Over the last few weeks, the campaign calling on supporters to boycott Fifty Shades of Grey and donate to a domestic violence shelter has escalated - and so too has the backlash from fans of the book series arguing that it was all just a bit of harmless, sexy fun.
We've prepared responses to some of the most common arguments we heard in support of the book series and film.
"It's just fiction!"
Many Fifty Shades fans argue that it is just a book/film, a work of fiction, and as such the eroticized representations of violence against women have no power to influence thinking, attitudes or beliefs.
However, an analysis of the novel found sexual violence and emotional abuse were pervasive and the popular book series had the power to influence attitudes and beliefs surrounding intimate partner violence. The authors argued that “individuals regularly alter their real world beliefs and attitudes in response to fictional communication” and “stories are especially influential when readers become drawn into them and cognitive resources, emotions, and mental imagery faculties are engaged.”
The authors noted in their conclusion "our analysis adds to a growing body of literature noting dangerous violence standards being perpetuated in popular culture." Read more
"It's so popular!"
Fifty Shades of Grey is popular in large part because of the misleading way the the trilogy has been promoted. It has been marketed as "romance" and "porn for women" and defended as "playful fantasy encouraging women to become more daring in their sexuality." If the story was promoted for what it is - a powerful sadistic man grooming a naive young woman for sexual violence and abuse - we doubt it would achieve the same success.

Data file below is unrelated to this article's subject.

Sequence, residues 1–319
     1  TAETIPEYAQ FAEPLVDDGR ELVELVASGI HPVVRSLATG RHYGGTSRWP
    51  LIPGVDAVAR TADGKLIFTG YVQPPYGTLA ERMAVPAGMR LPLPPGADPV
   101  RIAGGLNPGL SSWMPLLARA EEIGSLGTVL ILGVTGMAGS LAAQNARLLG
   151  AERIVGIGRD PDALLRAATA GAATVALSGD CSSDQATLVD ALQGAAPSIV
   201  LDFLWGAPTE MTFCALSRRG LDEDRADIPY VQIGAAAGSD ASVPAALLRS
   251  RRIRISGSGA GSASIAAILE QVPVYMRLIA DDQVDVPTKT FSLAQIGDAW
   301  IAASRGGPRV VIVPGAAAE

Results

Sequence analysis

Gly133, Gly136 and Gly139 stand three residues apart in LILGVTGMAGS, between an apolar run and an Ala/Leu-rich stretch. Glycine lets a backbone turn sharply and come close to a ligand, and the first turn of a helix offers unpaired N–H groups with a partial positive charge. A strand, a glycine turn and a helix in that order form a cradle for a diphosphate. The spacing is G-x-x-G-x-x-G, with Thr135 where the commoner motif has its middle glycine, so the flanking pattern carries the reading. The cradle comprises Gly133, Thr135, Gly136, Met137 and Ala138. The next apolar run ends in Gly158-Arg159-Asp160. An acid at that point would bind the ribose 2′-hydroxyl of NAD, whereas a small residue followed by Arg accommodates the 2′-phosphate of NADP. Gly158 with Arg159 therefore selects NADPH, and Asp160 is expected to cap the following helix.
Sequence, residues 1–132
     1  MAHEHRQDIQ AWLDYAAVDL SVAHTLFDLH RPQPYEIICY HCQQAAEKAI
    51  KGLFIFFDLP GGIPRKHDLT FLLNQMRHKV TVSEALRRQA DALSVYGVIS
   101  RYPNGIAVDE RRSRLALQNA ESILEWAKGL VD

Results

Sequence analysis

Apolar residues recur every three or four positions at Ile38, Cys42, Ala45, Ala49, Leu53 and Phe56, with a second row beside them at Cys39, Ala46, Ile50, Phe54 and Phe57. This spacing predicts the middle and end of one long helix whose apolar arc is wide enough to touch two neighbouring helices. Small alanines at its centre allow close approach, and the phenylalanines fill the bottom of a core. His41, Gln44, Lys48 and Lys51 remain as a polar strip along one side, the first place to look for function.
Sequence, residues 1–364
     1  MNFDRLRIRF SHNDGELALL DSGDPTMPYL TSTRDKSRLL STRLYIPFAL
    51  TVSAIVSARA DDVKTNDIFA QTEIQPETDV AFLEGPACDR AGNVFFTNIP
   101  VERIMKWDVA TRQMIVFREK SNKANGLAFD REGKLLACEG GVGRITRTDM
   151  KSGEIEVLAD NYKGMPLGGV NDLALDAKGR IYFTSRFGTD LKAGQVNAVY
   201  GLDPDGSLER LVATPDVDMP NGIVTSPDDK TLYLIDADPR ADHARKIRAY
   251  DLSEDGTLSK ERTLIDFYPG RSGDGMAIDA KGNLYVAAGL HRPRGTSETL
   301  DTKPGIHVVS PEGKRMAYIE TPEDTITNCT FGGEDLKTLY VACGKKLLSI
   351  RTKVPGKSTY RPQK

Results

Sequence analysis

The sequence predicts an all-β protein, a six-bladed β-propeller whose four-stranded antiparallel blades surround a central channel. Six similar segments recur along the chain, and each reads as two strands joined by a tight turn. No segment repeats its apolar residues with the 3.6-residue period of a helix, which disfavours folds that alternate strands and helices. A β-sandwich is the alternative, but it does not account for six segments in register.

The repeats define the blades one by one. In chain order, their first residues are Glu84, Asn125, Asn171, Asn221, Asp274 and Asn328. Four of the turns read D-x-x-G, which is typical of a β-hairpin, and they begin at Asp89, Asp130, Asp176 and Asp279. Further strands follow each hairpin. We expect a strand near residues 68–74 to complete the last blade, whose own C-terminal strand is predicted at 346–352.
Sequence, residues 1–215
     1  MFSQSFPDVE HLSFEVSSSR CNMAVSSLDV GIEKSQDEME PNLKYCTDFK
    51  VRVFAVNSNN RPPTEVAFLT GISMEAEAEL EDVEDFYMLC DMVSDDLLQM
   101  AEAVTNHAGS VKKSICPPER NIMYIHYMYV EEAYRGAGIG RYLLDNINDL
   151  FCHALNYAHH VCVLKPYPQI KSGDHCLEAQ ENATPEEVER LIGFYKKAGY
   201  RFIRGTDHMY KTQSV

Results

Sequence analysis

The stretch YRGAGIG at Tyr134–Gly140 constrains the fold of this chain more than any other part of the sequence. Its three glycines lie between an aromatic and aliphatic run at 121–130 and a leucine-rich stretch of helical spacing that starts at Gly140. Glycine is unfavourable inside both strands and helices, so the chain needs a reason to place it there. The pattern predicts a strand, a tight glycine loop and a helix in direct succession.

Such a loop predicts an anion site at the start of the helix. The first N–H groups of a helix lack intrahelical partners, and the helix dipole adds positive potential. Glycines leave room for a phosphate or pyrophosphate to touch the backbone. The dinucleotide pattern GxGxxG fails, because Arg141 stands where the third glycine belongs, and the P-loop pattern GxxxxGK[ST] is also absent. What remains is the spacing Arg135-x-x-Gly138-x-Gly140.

The popularity of Fifty Shades’ means it has even greater potential to perpetuate and reinforce damaging attitudes about abusive relationships.
Throughout history many there are many examples of oppression, violence and injustice that were popular or socially accepted in their time, but are now strongly rejected. Read more
"But he loves her so much!"
To accept this argument would be to believe that stalking, possessiveness, manipulation, jealousy, control and other elements of intimate partner violence are based in love - that abusive men hurt their female partners because they ‘love them so much’.
Perpetrators themselves like to say they acted out of love. This is false. Read more
"It's not domestic violence- he never hits her!"
There are incidents where Christian does hit Ana, such as when he slaps her during sex, when he puts her over his knee and spanks her backside as punishment for perceived acts of defiance (such as rolling her eyes.) When violence is sexualized it is made to be invisible, and we are supposed to accept it without question.
It is a myth that domestic violence is limited to hitting and punching. Abusive behaviours include making threats, manipulation, intimidation, uncontrollable anger, possessiveness, controlling, withholding money, isolation, humiliation, stalking and sexual violence. Grey’s treatment of Anastasia outside of the bedroom is just as much a cause for concern.
"But it's not an abusive relationship!"
Some fans of the book continue to suggest those critical of the themes and messages throughout need to ‘get their facts straight’. The assertion that domestic violence workers and psychologists analysing the novel ‘just don’t understand’ defies logic.